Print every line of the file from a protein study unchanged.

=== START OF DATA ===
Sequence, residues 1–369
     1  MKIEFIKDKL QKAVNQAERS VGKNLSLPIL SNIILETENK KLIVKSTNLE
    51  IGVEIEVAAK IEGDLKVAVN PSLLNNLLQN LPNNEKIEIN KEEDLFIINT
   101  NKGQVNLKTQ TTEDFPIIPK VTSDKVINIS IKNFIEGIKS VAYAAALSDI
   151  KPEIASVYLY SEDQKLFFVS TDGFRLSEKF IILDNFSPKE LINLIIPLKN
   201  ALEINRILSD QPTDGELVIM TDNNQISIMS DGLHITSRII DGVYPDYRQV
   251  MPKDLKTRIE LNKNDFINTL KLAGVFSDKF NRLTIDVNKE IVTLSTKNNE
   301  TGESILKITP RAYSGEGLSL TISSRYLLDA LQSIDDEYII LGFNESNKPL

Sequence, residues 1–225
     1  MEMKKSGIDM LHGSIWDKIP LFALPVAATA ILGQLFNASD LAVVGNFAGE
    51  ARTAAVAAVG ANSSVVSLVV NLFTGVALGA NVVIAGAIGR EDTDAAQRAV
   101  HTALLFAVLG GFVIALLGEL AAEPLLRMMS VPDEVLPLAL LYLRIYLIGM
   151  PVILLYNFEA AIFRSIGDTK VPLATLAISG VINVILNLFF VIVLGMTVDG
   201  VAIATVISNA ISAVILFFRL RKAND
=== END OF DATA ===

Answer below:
Sequence, residues 1–369
     1  MKIEFIKDKL QKAVNQAERS VGKNLSLPIL SNIILETENK KLIVKSTNLE
    51  IGVEIEVAAK IEGDLKVAVN PSLLNNLLQN LPNNEKIEIN KEEDLFIINT
   101  NKGQVNLKTQ TTEDFPIIPK VTSDKVINIS IKNFIEGIKS VAYAAALSDI
   151  KPEIASVYLY SEDQKLFFVS TDGFRLSEKF IILDNFSPKE LINLIIPLKN
   201  ALEINRILSD QPTDGELVIM TDNNQISIMS DGLHITSRII DGVYPDYRQV
   251  MPKDLKTRIE LNKNDFINTL KLAGVFSDKF NRLTIDVNKE IVTLSTKNNE
   301  TGESILKITP RAYSGEGLSL TISSRYLLDA LQSIDDEYII LGFNESNKPL

Sequence, residues 1–225
     1  MEMKKSGIDM LHGSIWDKIP LFALPVAATA ILGQLFNASD LAVVGNFAGE
    51  ARTAAVAAVG ANSSVVSLVV NLFTGVALGA NVVIAGAIGR EDTDAAQRAV
   101  HTALLFAVLG GFVIALLGEL AAEPLLRMMS VPDEVLPLAL LYLRIYLIGM
   151  PVILLYNFEA AIFRSIGDTK VPLATLAISG VINVILNLFF VIVLGMTVDG
   201  VAIATVISNA ISAVILFFRL RKAND